SERs provide advice and recommendations to the panel. The SERs participate in consultations with the SBAR Panel via telephone, webinar, or in person in one or two meetings and are given an opportunity to submit written comments to the Panel. Self-nominations may be submitted through the link below and must be received by January 19, 2021.
In addition to engaging with small businesses, EPA is executing a robust outreach effort on risk management that includes formal consultations with state and local governments, tribes, and environmental justice communities. There will also be an open public comment on any draft risk management regulations.
You can nominate yourself as a Small Entity Representative to the PCE SBAR Panel here.
Renewable Diesel Producer Fined for Low Carbon Fuel Standard Violations
The California Air Resources Board announced a settlement with AltAir-Paramount, LLC addressing reporting violations under the Low Carbon Fuel Standard (LCFS). The settlement is valued at $132,500.
“The Low Carbon Fuel Standard is a critical part of California’s effort to attack climate change by displacing fossil fuels,” said CARB Executive Officer Richard Corey. “Accurate reporting is basic to its success and filing inaccurate information threatens the integrity of the program.”
AltAir produces renewable diesel and renewable jet fuel from tallow at its facility in Paramount, CA.
CARB staff determined that Altair made unauthorized changes to quarterly and annual reports, reclassifying certain fuel volumes and adding previously unreported gasoline sales.
AltAir admits the violations, cooperated with CARB’s investigation and is now in full compliance with the LCFS regulation.
AltAir paid a penalty amounting to $132,500, calculated in keeping with CARB’s enforcement policy. Of that total, $66,500 goes into California’s Air Pollution Control Fund. The additional $66,000 will fund a Supplemental Environmental Project (SEP) developed by Tree Fresno to evaluate the effectiveness of using vegetative barriers to reduce near-road pollution exposure.
The LCFS encourages the production and use of cleaner, low-carbon transportation fuels in California to reduce GHG emissions and decrease petroleum dependence in the transportation sector. The program provides more clean fuel choices for Californians and drives innovation for further clean fuel development.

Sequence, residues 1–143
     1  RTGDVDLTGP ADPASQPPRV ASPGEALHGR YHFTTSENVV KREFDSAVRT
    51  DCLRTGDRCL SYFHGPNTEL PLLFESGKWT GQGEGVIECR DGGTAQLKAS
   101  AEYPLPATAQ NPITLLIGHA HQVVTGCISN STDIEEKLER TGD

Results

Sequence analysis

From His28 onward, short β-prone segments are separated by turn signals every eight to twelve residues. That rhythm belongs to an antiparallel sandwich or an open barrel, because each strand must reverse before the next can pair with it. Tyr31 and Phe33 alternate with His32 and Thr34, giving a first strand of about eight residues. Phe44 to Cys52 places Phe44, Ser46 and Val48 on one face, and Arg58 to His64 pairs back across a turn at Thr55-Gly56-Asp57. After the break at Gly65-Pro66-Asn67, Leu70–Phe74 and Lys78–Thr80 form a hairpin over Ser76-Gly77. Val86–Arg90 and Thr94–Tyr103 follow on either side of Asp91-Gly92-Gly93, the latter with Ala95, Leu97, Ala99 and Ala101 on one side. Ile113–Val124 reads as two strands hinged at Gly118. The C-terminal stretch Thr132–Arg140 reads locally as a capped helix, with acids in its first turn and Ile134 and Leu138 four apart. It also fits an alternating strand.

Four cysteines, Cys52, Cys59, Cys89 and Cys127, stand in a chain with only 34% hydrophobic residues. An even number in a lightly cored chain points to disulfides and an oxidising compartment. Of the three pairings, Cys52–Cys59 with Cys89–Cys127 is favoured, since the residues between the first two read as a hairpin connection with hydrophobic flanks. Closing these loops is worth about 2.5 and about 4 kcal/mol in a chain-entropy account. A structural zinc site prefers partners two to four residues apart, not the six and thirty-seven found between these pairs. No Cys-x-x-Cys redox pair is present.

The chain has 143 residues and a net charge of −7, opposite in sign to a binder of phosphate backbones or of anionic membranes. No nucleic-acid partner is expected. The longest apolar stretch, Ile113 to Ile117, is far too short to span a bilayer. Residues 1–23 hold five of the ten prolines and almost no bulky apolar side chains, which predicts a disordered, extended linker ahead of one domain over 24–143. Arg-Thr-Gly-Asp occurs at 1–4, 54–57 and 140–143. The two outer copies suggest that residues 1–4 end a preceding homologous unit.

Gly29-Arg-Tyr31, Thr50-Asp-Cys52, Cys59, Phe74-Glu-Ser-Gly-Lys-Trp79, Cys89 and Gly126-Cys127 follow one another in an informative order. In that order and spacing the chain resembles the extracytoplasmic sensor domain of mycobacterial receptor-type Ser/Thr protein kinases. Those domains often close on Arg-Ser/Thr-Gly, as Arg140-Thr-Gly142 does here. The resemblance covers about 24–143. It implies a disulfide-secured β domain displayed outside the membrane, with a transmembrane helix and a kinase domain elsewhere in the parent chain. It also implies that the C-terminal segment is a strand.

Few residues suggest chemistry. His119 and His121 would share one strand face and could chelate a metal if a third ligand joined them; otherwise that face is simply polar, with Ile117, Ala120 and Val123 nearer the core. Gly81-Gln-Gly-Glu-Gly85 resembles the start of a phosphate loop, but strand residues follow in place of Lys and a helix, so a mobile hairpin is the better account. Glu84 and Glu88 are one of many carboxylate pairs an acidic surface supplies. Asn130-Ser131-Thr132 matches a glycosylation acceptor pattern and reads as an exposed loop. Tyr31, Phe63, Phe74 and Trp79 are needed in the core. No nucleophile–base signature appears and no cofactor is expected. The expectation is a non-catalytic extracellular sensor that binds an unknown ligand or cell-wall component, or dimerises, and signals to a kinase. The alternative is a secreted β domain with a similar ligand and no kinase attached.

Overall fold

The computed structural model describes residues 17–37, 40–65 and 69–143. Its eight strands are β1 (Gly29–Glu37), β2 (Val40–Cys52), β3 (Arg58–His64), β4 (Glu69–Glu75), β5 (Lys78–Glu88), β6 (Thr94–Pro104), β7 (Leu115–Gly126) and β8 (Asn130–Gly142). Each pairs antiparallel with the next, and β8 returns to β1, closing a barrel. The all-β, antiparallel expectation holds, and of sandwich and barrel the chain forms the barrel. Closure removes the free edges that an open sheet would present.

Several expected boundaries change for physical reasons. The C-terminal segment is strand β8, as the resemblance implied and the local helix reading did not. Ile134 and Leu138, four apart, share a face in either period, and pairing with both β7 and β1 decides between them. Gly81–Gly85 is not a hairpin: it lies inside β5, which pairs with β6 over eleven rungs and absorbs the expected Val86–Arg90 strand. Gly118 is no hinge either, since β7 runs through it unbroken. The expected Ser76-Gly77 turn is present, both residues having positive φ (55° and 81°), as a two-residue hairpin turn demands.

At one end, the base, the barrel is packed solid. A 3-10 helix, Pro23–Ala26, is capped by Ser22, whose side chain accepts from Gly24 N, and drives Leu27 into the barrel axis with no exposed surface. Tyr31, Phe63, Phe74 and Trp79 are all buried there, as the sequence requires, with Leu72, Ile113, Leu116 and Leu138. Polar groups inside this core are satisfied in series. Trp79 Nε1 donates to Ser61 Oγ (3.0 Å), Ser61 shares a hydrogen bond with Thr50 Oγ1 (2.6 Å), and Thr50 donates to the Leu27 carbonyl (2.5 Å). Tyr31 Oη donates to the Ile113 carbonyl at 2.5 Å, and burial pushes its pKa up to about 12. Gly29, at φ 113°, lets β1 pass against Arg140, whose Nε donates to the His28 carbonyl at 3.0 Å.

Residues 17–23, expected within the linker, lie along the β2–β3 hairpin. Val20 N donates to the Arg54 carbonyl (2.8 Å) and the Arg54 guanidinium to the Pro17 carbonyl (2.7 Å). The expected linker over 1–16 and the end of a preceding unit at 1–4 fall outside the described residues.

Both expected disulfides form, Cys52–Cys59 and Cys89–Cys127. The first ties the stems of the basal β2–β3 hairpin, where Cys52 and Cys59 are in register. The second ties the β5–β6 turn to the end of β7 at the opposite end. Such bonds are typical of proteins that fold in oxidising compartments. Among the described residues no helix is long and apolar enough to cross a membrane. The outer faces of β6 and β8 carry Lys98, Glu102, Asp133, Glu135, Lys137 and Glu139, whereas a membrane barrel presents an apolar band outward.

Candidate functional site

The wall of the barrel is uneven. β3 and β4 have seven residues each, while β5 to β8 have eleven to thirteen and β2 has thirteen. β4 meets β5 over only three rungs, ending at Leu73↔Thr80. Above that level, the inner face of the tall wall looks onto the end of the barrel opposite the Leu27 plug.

Draft Reference Exposure Levels for Chromium (Trivalent) and Inorganic Water-Soluble Trivalent Chromium Compounds
California’s Office of Environmental Health Hazard Assessment (OEHHA) released a draft document for public review, summarizing the toxicity and derivation of proposed Reference Exposure Levels (RELs) for Chromium (Trivalent) and Inorganic Water-Soluble Trivalent Chromium Compounds (Cr(III)). RELs are airborne concentrations of a chemical that are not anticipated to result in adverse non–cancer health effects for specified exposure durations in the general population, including sensitive subpopulations.
OEHHA is required to develop guidelines for conducting health risk assessments under the Air Toxics Hot Spots Program (Health and Safety Code Section 44360(b)(2)). In response to this statutory requirement, OEHHA develops RELs for many air pollutants.
Comments on the document will be accepted through February 22, 2021. Due to the continuing COVID-19 emergency, you are encouraged to submit written information via OEHHA’s website, rather than in paper form. Comments may be submitted electronically through the following link:
After the close of the public comment period, the documents will be revised as appropriate by OEHHA, and peer reviewed by the state’s Scientific Review Panel on Toxic Air Contaminants. Information about dates and agenda for meetings of the Scientific Review Panel can be obtained from the California Air Resources Board website at
Free Amazon HD 10 Tablet with RCRA and DOT Training
Annual training is required by 40 CFR 262.17(a)(7). Learn how to complete EPA’s new electronic hazardous waste manifest, and the more than 60 changes in EPA’s new Hazardous Waste Generator Improvements Rule. Environmental Resource Center’s Hazardous Waste Training is available via live webcasts. If you plan to also attend DOT Hazardous Materials Training, call 800-537-2372 to find out how you can get your course materials on an Amazon Fire HD 10 tablet at no extra charge.
Job Openings at Environmental Resource Center
Environmental Resource Center has openings for EHS consultants and trainers. If you are looking for a new challenge, send your resume and salary requirements to Brian Karnofsky at